The Heart of a Home - Kitchens

They are where people come together to socialise and to share a meal.





Cate Davey

The Heart of a Home - Kitchens

They are where people come together to socialise and to share a meal.

Whether you love to cook or not every house has a kitchen, which over time, has evolved to become not just the separate, engine room of house but the main feature with open plan living incorporating the kitchen sink into the living space! Look at any modern build today, whether it is a house, unit or mansion and you will be likely to find a kitchen and dining area, with the lounge room often within the same room too.

‘Form follows function’ is a principle associated with late 19th and early 20th century architecture and industrial design in general, and it means the shape of a building or object should primarily relate to its intended function or purpose. So, what does this mean for you when looking at homes and primarily when it comes to the kitchen?

Assess what your needs are in terms of a kitchen layout, storage, bench space and floor plan. You will also need to consider the basic principles of interior design:

Balance and symmetry - A well-balanced room communicates a sense of relaxation and security. When you enter a space that follows the kitchen design principle of balance, the whole room will feel centred and composed throughout. To create a balanced room, start with a centre point. As the point where your gaze lands, this is typically the literal centre of a wall or room, though it may not be. Around that centre, build symmetry.

Focal points - Common kitchen focal points include the stovetop, backsplash, and hood, but your kitchen’s focal point may be a sink, centre island, or a window. Ideally, other objects in the room will support and not compete with the decided focal point, although larger spaces might benefit from having multiple focal points.

Scale and proportion - The kitchen design principles of scale and proportion ensure that elements in a room are properly sized in relation to one another. Any object should be scaled relative to its surroundings so as not to seem too large or too small for a room. For example, a huge double fridge freezer may be too imposing in a small kitchen.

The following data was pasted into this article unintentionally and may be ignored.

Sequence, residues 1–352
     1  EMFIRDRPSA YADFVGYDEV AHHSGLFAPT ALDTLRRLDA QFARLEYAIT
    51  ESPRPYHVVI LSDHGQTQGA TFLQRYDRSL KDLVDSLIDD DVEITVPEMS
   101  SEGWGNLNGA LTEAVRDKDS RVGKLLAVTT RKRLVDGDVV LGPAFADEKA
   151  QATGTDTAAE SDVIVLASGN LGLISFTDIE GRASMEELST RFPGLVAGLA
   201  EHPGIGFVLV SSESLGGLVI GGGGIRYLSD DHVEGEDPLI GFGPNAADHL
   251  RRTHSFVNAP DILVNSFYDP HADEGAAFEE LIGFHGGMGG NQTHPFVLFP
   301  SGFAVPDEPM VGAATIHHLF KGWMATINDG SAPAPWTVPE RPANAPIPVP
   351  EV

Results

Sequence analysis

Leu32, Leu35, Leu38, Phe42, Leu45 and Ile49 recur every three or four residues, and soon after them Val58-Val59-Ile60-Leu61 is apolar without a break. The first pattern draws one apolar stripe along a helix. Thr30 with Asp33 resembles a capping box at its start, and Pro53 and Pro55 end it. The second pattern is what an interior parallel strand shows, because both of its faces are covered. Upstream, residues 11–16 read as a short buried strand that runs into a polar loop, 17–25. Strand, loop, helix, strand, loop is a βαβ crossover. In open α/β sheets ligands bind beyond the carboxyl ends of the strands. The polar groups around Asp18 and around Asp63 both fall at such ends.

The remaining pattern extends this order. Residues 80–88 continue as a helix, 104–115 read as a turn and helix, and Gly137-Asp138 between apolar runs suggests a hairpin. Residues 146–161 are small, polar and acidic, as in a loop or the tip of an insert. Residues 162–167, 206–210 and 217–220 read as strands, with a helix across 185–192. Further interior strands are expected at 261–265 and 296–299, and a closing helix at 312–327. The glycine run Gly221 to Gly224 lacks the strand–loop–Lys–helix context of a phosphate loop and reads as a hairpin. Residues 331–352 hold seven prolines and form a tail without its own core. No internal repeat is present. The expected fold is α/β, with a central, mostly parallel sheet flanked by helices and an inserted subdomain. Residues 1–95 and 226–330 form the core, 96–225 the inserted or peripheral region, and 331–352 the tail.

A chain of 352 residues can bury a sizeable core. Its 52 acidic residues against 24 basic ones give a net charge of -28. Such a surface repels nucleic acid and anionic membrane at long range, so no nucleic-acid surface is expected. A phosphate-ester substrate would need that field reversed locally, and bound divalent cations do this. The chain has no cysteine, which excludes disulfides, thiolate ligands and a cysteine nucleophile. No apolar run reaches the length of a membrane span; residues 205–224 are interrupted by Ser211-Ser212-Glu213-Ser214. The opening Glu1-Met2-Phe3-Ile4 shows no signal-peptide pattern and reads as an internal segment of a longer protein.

Consider what kitchen layout would suit your needs, if you don’t spend much time in the kitchen you may want a simple design, for those with families a larger floorplan that open into a family room may be more suitable. The various kitchen designs are:

One wall - Cabinets and appliances are fixed on a single wall.

Galley style - is characterized by two walls opposite of each other—or two parallel countertops with a walkway in between them

L- shape - maximizing corner space it consists of countertops on two adjoining walls that are perpendicular, forming an L.

U-shape/Horseshoe - has three walls of cabinets/appliances. Today, this design has evolved from three walls to an L-shaped kitchen with an island forming the third “wall.”

Peninsula - is a connected island, converting an L-shaped layout into a horseshoe, or turning a horseshoe kitchen into a G-shaped design.

Other things to look for in your kitchen are benchtop materials e.g. Laminex, stainless steel, wood, marble, granite, ceramic or concrete. Take into account what is serviceable, easy to clean and won’t stain or wear too easily.

Cosmetic changes are easily done in kitchens if you don’t like the existing cupboard doors or want to change your benchtops. Shop online or at your local hardware stores who offer flat pack and modular kitchens which can transform a dated kitchen into a sleek, streamlined modern wonder.

Storage for kitchens comes in a huge array of options nowadays with soft close drawers and pot drawers replacing traditional cupboards, corner cupboards with carousels, pull out pantry and spice drawers, hidden bins and floor to ceiling cupboards have all made creating your own kitchen space relatively easy to achieve without expensive renovations.

When purchasing a new home and considering updating, kitchen appliances would be the single biggest element of the kitchen that comes down to what you prefer to use and can also be the most expensive. Cooktops come in electric, gas and induction, stoves can be woodfired, electric or a combination of both, fridges and freezers can be side by side, single or plumbed in for water and ice. Rangehoods also come in a vast array of designs and are often a statement piece with architectural elements that make it the focal point. Dishwashers are now considered an essential item and come in a variety of options such as single or double drawer, slim line and are environmentally friendly and water efficient.

Finally, a quick tip that isn’t costly when looking at updating the look of a tired kitchen is a fresh coat of paint and new lighting fixtures. Downlights, over bench lighting, under counter, pendants all can create a new look in your new home. The options are endless.

Kitchens are the heart of the home. They are where people come together to socialise and to share a meal. Where special occasions and memories are created from intimate dinner parties, family meals and the Christmas dinner to birthday cakes. Kitchens have come a long way from backrooms or basements hidden away from view to being celebrated and becoming the centre of a home.
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